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Home News Local news Veto Means Sunscreen Ban Goes Into Effect March 30

Veto Means Sunscreen Ban Goes Into Effect March 30

Coral reef on the west end of St. Croix
Coral reef on the west end of St. Croix. (Source photo by Susan Ellis)

Gov. Albert Bryan Jr. has vetoed legislation delaying the territory’s ban on most widely used sunscreens, meaning it will go into effect March 30 as the law initially required.

The law is aimed at protecting the territory’s already suffering coral reefs, and bans those sunscreens with the chemicals oxybenzone, octinoxate and octocrylene, which studies show are extremely harmful to coral.

“We have lost 80 percent of our coral reef cover. Eighty percent, and we’re fighting against big issues that are beyond our control,” said the law’s sponsor, Sen. Janelle Sarauw, after it passed the full Senate in the summer of 2019. “Go on any given day to Coki Point and Magens Bay, packed with tourists wearing sunscreen. Do you know the damage we’re doing to the ocean?”

During committee hearings Kristina Edwards, education and outreach coordinator for the Coastal Management Division of the V.I. Department of Planning and Natural Resources, said the health of the V.I. reefs continue to decline since a 2005 mass bleaching event that caused a 50 percent decline in coral cover in waters less than 85 feet in depth. That was attributed to high water temperatures.

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“USVI reefs are suffering the effects of overexploitation of reef resources and terrestrial sediment runoff is increasing mortality of threatened and ecologically crucial corals,” Edwards said.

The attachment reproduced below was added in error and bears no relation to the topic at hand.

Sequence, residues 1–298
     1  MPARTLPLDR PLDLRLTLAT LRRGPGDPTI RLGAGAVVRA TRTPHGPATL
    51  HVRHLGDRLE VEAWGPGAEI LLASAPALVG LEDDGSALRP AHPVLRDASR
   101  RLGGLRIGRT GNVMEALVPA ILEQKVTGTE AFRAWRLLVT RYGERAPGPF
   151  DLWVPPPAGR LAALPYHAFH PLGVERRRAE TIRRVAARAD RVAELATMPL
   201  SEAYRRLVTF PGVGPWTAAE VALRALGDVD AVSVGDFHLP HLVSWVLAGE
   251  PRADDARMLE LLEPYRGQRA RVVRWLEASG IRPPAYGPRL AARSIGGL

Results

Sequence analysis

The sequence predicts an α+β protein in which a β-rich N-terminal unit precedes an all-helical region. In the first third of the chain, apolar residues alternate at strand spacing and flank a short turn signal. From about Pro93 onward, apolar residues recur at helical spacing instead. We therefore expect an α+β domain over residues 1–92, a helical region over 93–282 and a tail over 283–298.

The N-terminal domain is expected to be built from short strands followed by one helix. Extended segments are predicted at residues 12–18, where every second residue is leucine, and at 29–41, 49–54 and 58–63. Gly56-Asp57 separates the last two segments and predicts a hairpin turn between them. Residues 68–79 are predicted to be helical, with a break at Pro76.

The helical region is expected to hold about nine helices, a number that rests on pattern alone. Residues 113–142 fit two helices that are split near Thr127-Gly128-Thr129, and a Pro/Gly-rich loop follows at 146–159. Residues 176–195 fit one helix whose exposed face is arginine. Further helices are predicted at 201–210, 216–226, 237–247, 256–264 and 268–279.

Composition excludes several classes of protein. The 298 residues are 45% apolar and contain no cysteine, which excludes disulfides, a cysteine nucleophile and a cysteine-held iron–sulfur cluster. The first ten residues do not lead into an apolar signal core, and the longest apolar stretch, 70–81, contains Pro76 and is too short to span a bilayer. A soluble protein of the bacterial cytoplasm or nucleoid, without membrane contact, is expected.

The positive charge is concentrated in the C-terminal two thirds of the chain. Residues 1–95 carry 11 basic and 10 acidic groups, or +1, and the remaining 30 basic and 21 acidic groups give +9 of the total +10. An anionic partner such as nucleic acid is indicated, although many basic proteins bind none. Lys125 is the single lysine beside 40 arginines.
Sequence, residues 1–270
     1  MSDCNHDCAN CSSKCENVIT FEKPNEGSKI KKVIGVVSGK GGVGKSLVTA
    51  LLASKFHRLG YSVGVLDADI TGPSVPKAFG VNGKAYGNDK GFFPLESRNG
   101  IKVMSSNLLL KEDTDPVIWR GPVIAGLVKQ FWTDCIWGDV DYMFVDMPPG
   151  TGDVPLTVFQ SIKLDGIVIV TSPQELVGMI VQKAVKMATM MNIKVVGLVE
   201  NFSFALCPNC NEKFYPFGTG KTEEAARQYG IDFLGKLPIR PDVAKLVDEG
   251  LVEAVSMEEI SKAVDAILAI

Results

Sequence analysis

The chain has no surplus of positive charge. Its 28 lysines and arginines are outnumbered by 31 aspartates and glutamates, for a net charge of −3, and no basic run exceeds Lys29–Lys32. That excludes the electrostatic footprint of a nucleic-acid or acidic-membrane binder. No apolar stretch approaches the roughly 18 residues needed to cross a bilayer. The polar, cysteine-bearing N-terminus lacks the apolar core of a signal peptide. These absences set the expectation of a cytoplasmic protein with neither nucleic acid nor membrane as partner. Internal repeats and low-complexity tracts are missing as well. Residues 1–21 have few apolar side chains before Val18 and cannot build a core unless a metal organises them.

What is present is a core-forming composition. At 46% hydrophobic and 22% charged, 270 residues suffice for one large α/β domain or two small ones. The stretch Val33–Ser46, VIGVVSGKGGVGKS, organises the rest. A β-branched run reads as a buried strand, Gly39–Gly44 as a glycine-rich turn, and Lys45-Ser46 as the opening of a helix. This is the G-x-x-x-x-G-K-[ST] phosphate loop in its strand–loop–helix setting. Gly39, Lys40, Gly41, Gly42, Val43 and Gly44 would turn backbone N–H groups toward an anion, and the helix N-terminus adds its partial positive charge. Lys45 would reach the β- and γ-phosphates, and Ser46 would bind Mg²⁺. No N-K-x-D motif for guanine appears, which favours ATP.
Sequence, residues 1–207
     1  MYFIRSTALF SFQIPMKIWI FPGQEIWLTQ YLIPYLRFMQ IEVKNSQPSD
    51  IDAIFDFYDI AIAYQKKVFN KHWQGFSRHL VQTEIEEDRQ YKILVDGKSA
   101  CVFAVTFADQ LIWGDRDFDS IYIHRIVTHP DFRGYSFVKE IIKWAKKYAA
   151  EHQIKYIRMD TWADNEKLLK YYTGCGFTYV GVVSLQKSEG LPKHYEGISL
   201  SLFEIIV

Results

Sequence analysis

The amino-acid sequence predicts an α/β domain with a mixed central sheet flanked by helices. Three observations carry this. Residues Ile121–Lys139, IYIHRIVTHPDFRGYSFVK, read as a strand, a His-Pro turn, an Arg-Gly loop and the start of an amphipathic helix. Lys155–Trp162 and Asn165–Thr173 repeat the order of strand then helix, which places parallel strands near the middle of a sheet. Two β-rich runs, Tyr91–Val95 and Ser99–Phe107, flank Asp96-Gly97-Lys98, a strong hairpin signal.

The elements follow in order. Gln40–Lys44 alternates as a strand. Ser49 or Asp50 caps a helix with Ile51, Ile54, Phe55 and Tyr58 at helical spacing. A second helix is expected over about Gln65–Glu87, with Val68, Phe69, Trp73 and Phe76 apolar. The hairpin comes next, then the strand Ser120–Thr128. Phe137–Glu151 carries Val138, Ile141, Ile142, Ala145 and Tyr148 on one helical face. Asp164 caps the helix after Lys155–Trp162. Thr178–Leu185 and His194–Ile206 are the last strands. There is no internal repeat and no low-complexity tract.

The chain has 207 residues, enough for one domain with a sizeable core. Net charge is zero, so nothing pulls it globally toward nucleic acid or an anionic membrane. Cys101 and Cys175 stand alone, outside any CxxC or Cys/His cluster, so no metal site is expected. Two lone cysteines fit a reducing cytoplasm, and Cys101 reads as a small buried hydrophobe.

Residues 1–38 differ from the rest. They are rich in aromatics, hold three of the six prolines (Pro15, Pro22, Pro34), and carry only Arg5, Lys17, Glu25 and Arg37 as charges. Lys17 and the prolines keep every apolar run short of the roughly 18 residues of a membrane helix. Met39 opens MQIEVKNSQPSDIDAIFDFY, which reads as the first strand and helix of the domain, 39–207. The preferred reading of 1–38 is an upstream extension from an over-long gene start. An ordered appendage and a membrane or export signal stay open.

Edwards said the two chemicals were first recognized to induce coral bleaching in 2008.

Harith Wickrema, president of Island Green Living Association, who initially pushed for the measure, praised Gov. Bryan for vetoing the delay.

A maze coral that has already died sits next to a diseased boulder star coral. Photo by Marilyn Brandt
A maze coral that has already died sits next to diseased boulder star coral. (Photo by Marilyn Brandt)

“We are grateful that he did not bend to special interests but instead put protecting humans and coral health first,” Wickrema said in a news release.

Under the law: Act No. 8185, stores were mandated to cease ordering new inventory of sunscreens containing oxybenzone, octinoxate and octocrylene as of July 2019, giving them eight months to sell off their inventory.

Some studies have found that the substances may pose some threat to human health too, although the medical consensus is that the benefits of protection from ultraviolet rays outweigh the potential negative health effect.

The Centers for Disease Control suggests a variety of alternative methods of sun protection, including long sleeves, hats and products such as zinc oxide.

According to Wickrema, only zinc oxide and titanium have been recognized as safe by the FDA and are the ingredients to be looking for in reef safe sunscreens. Wickrema said only 260 sunscreens are on the market today fit this description and the rest are considered harmful to both reefs and human beings.

Some of the recognized reef safe sunscreens on the market currently include: KLAR Pure Zinc Oxide, TruKid Sunny Days and Kokua Hawaiian Reef Safe Natural Zinc Sunscreen.

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